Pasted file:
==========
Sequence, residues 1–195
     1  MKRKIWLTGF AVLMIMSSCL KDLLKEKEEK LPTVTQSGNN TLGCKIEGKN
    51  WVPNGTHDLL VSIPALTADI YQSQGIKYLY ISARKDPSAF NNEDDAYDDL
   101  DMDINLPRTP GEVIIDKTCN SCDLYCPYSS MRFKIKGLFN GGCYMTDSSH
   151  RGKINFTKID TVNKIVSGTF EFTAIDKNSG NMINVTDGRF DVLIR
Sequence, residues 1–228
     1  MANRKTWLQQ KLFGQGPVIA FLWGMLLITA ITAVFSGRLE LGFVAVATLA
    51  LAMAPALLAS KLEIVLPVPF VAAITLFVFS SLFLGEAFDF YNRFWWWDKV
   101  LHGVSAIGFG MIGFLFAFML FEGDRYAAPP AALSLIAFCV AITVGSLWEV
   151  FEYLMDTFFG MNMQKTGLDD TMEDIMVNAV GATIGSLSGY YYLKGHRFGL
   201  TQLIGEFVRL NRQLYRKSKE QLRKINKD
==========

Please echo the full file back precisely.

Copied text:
Sequence, residues 1–195
     1  MKRKIWLTGF AVLMIMSSCL KDLLKEKEEK LPTVTQSGNN TLGCKIEGKN
    51  WVPNGTHDLL VSIPALTADI YQSQGIKYLY ISARKDPSAF NNEDDAYDDL
   101  DMDINLPRTP GEVIIDKTCN SCDLYCPYSS MRFKIKGLFN GGCYMTDSSH
   151  RGKINFTKID TVNKIVSGTF EFTAIDKNSG NMINVTDGRF DVLIR
Sequence, residues 1–228
     1  MANRKTWLQQ KLFGQGPVIA FLWGMLLITA ITAVFSGRLE LGFVAVATLA
    51  LAMAPALLAS KLEIVLPVPF VAAITLFVFS SLFLGEAFDF YNRFWWWDKV
   101  LHGVSAIGFG MIGFLFAFML FEGDRYAAPP AALSLIAFCV AITVGSLWEV
   151  FEYLMDTFFG MNMQKTGLDD TMEDIMVNAV GATIGSLSGY YYLKGHRFGL
   201  TQLIGEFVRL NRQLYRKSKE QLRKINKD